The Fix: Though stores have adopted confusing denim terminology, the best thing to come out of the complications is the ability to find a fit that actually suits you. "Just look in the rearview mirror and see that the jean actually hugs your backside," Solomon advises. Be careful not to take it too tight that you leave nothing to the imagination.

Mistake: Wrong shoes
OK, OK, not technically what she thinks of your jeans, but you've also got to think about how you wear your jeans. Denim is inherently casual, thanks to its workwear, California gold rush roots. But there's a fine line between throwing them on with sneakers you wear to bum around in to run errands in and the ones you wear to hit the treadmill.

The Fix: These days, with more lax office dress codes, denim can be worn with a variety of kicks--dressed down in sneakers or classed up with a pair of lace ups. If you're keeping things casual, wear them with sneakers, ones with a flat sole, instead of your cushioned running shoes. "The shoes that you actually use for sport do not qualify," Solomon says. "Ones that have an active appeal? That's a different story. Those you can wear."

A new study found that people do judge others based solely on their footwear. Discover What Your Shoes Say about You.

Mistake: Too loose
"I hate baggy jeans," says Katherine, an advertising account executive in New York City. "They just look so '90s, or like he's trying to cover up his enormous legs." When your hard-earned body is getting lost in fabric, she's questioning the reason. "Try on 10 different styles and find the one that works for you," Solomon says.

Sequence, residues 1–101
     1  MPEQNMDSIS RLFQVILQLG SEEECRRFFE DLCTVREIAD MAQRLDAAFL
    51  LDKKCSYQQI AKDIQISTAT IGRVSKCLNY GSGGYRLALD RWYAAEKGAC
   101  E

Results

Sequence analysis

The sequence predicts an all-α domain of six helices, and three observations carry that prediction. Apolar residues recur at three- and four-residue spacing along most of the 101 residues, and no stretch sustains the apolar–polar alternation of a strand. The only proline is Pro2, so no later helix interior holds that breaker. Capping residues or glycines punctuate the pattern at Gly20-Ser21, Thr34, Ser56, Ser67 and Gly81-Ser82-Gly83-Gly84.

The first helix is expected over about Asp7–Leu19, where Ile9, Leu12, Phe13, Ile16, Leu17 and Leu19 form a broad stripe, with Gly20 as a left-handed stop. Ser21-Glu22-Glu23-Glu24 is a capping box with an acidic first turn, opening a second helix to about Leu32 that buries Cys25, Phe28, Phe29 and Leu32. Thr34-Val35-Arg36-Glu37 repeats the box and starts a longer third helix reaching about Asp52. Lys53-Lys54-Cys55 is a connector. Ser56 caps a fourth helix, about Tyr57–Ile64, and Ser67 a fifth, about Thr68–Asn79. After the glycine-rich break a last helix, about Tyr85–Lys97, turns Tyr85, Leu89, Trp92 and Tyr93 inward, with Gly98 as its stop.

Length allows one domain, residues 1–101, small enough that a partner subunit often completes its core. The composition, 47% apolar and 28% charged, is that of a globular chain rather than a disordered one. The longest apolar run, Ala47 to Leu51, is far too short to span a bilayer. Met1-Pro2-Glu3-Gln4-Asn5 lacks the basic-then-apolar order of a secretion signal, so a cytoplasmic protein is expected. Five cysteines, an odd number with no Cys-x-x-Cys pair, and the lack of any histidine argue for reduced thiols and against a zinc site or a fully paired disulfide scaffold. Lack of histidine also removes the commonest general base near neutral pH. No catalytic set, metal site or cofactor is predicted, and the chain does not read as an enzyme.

The Fix: Don't worry--not all girls like the skinny jean trend. Aim for no more than one inch of excess fabric in the legs. "The trend now is clean, effortless denim, but not slouchy," Ricker says. "You want them to fit, but not crazy tight. Think Ricky Martin's jeans in the early '00s or Justin Beiber today, and run the other way." Do you really have to head to a tailor? Look for these 3 Signs Your Jeans Need Altering.

Mistake: Frayed at the bottom
If your jeans are dragging along the sidewalk, be warned: They're also bringing down your style game. "A woman likes a man's jeans to look like he's had a long day and a lot of experiences in them," Ricker says. "But not too much experience." If yours have seen more than a few college keggers--and have the holes to prove it--it's time for an upgrade.

The Fix: Getting them tailored will not only make you look more put-together, but will keep them from tearing, thereby extending their life. The jeans should skim the floor when you're barefoot, and the bottom of the hem should hit an inch above the ground when you have shoes on, like in this image. If they're still too long, try a small cuff for a casual, rumpled look. "Just make sure the cuff is small--no more than 2/5 inches wide," Ricker says.

Mistake: Grandpa wash
The correlation between light color and dad jeans is alarmingly direct. They'll age you, because yes, there was a time when light jeans were cool. Thankfully denim has evolved right along with Mark Wahlberg's career.

The Fix: If you want to switch it up, bring in some color. "I really like colored jeans on guys, even on more athletic bodies," says Carolyn, an accountant in Chicago. But if you're springing for one pair, make them dark ones that can span a variety of events--from the laid-back dive bar to a nice dinner out. "One pair of rocking, sexy, dressy jeans is going to take you everywhere you need to go," Solomon says. "You're going to get so many compliments on them that you're never going to want to take them off. Get two of those and burn the rest."
Want more insight on what women say about your clothes behind your back? We asked a group of women--and filmed it. Here's How She Would Dress You.